Team Jonesboro continues pushing sales tax despite growing opposition
Members of Team Jonesboro have been visiting various organizations and conducting town hall meeting to promote passage of a 1% sales tax.
Residients in Jonesboro begain early voting yesterday (Tuesday, September 9) in a special election on the proposal created by Team Jonesboro. The proposal establishes a 1% sales tax increase that will sunset after 12 years.
Revenue generated from the tax during the time gets split into two categories: first responders (police and fire departments) and new quality of life projects. Since the City Council approved having a special election, some people have come out in opposition to the tax.
--CLICK HERE TO SEE EARLY VOTE TOTALS AND MORE COVERAGE ON THE SALE TAX--
A group called "Citizens Taxed Enough" has been created in opposition to the tax. As of this story, the group has yet to repond to KASU News' request for comment.
Alderman Bobby Long, who's been an outspoken opponent to the sales tax initiative, also took to social media to post an alternative sales tax proposal in case the Team Jonesboro proposal was defeated. KASU News has not independently verified the merit of his proposal.
KASU News' Brandon Tabor sat down and spoke with Scott McDaniel of Team Jonesboro about the group's campaign leading up to the special election, as well as the most recent opposition.
Ealry voting for the special election will run through Monday, September 9. Polls are open from 8 A.M. to 5 P.M at the Craighead County Election Annex in Jonesboro and the Lake City Courthouse. The special election will be conducted on Tuesday, September 10.
BRANDON TABOR, HOST:
Members of Team Jonesboro have been out and about around the city promoting their proposal for a one cent sales tax. Much has changed since the group first proposed the tax including the creation of the Oversight Integrity Council and an opposition group encouraging voters to say no to the tax. In the studio with me, I have Scott McDaniel of Team Jonesboro to talk more about their push supporting the proposal. Thank you for joining me in here today.
SCOTT MCDANIEL: Thank you so much for having me. I'm very excited to be here right now.
TABOR: All right, so your group have been out and about to build support for the tax and you've had multiple Town Hall meetings to pass information about the tax on the voters. What has been some of your greatest concerns that you've heard from voters since you guys have been doing the town halls?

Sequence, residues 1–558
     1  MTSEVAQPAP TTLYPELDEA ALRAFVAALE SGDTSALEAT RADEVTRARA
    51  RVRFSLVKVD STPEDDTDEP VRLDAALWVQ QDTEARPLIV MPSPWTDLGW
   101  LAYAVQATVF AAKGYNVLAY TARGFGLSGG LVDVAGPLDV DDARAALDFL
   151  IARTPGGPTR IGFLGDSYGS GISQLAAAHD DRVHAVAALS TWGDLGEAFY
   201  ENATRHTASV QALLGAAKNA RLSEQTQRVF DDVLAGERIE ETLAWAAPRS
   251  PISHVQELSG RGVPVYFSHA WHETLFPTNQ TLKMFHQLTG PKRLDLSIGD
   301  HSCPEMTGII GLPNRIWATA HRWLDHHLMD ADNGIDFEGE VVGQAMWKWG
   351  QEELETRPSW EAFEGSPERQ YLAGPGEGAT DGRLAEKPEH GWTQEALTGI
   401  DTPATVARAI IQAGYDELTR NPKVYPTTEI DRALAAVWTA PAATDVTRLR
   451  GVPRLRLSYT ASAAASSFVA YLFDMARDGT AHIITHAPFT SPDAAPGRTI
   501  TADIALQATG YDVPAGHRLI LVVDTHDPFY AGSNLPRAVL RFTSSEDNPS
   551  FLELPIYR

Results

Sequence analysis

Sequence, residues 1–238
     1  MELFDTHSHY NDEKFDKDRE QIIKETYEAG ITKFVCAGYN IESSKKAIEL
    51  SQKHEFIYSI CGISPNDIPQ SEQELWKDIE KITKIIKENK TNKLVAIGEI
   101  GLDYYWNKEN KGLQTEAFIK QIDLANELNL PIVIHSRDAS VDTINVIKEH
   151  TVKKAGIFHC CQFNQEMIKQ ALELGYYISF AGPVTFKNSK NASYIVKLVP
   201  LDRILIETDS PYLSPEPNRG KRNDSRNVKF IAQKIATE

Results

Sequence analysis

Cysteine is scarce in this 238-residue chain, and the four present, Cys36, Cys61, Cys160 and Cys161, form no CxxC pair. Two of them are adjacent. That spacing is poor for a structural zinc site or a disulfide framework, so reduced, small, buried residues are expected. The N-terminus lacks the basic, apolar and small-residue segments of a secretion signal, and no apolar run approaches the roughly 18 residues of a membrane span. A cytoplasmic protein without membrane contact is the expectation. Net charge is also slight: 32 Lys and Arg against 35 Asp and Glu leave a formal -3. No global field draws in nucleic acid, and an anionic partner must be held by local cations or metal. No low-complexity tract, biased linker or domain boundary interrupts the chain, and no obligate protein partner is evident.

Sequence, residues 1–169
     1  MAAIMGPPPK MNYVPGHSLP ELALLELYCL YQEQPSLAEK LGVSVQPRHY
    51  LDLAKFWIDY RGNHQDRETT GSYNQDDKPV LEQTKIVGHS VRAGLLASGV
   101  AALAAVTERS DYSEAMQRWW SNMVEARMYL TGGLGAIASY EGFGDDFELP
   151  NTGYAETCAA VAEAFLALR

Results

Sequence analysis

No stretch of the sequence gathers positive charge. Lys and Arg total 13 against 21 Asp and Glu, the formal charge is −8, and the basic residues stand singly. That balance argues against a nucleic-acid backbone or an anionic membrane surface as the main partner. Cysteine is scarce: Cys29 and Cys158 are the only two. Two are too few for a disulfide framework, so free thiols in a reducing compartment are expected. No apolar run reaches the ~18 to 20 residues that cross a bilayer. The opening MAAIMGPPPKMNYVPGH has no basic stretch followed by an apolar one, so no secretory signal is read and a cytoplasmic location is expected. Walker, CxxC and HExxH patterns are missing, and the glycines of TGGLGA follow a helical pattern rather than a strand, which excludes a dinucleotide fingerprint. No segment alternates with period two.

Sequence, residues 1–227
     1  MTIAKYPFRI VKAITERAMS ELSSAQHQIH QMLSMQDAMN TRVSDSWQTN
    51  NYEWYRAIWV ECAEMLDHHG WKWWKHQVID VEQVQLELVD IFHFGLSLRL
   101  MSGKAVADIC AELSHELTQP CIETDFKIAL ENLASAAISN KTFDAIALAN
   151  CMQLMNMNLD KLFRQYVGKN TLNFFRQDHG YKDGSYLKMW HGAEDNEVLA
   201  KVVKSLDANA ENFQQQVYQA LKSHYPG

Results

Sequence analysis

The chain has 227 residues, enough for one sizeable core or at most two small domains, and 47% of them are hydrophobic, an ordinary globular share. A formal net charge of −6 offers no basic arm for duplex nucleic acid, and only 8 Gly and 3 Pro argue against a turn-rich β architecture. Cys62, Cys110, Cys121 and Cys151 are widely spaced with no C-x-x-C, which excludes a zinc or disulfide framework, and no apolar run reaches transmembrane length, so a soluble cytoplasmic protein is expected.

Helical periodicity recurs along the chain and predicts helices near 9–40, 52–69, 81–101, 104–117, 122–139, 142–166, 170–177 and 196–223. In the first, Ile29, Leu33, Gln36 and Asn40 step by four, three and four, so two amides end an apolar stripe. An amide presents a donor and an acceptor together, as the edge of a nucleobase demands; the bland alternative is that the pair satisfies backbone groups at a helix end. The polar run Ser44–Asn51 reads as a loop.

MCDANIEL: Well, you know most people just have legitimate questions. They want to understand, you know, the voters they have a right to know what they're voting on, a right, and I appreciate the people that have shown up and ask questions. Every time we go talk we gain supporters. The number of times we've gone to groups that started out opposition and then by the time you're done with them, they support it because when you hear the whole story, you know, you really are either okay with the way things are and the way things are going or you buy into the idea that that we're at a Crossroads and so, you know, most folks when they really start thinking about it, they tend to agree with us.
TABOR: I know that some members of Team Jonesboro have been to one of the groups that I'm in. There was one of my members who was concerned about the water park. That has been one of the biggest concerns that, not only he has had, but a lot of other people have had surrounding the water park. So you might want to kind of…
MCDANIEL: Well, so the water park is a private thing. It has nothing to do with Team Jonesboro or the city. I think that a lot of people were confused by that press conference, you know, we funded- the ordinance that we wrote funds categories and it funds a process. And anybody in the community is welcome to pitch a project idea. And now that project idea may or may not grow legs and may or may not have support and may or may not be a good idea. This was just a project idea that somebody community had and you know, so it's not anything to do with us really, it's just it's just an idea that was in the community.
TABOR: Okay, and speaking of some of those project proposals, you know, the Integrity Oversight Council, which Team Jonesboro has spearheaded in creating---they've recently heard a couple of proposals. Have you heard of some of those proposals and what have been some of your thoughts?
MCDANIEL: Well, so, first of all, the Oversight Integrity Council exists separate and apart from the ordinance regarding the tax. Right now, if you wanted a park in your neighborhood, there's really no mechanism to get that park. There's no process. There's no anything. If you want one, you're just going to have to start rattling cages until somebody tells you to go away you get a park. We don't like that idea. We think the people of Jonesboro need a direct voice and that's what that Oversight Council is for and that's why they met. So regardless of the sales tax, you know, the Oversight Council will continue to exist in perpetuity unless the City Council ill-advisedly decides to disband it. We believe that the community needs a direct link to people in government and that's what the Oversight Council is for. So they had their first meeting to just kind of have an idea of what is out there. And, what is out there, that means there's stuff that's needed in North Jonesboro. There is stuff that the Hispanic Center is interested in. You have the library that needs projects. And so all those are exciting and that's the whole idea is to get people engaged! To get people to show up, to get people to talk about the projects that they need and I mean you even had somebody who, I don't know if he was opposition, he certainly was skeptical. I forget the guys name. But, he was out there pitching pocket parks and splash pads and wards. The city needs to hear that and now they can regardless of this tax. There is now a committee in place that is designed to do nothing else other than hear project proposals and vet them and then make recommendations to City Council for future funding. And so that's going to change. Right now the way our city handles quite a lot of projects could because they're short funded. It’s grant driven. The grants come from the top down, but now they'll be able to come from the bottom up. So I'm very proud that they've met, I'm very very proud of the folks who have made their pitches and I encourage others to do the same.